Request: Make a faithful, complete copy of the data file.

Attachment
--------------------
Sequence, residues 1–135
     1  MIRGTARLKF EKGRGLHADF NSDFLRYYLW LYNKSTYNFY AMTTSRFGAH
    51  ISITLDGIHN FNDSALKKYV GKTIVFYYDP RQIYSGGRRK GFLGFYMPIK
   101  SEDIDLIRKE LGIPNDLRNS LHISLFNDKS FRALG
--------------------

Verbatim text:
Sequence, residues 1–135
     1  MIRGTARLKF EKGRGLHADF NSDFLRYYLW LYNKSTYNFY AMTTSRFGAH
    51  ISITLDGIHN FNDSALKKYV GKTIVFYYDP RQIYSGGRRK GFLGFYMPIK
   101  SEDIDLIRKE LGIPNDLRNS LHISLFNDKS FRALG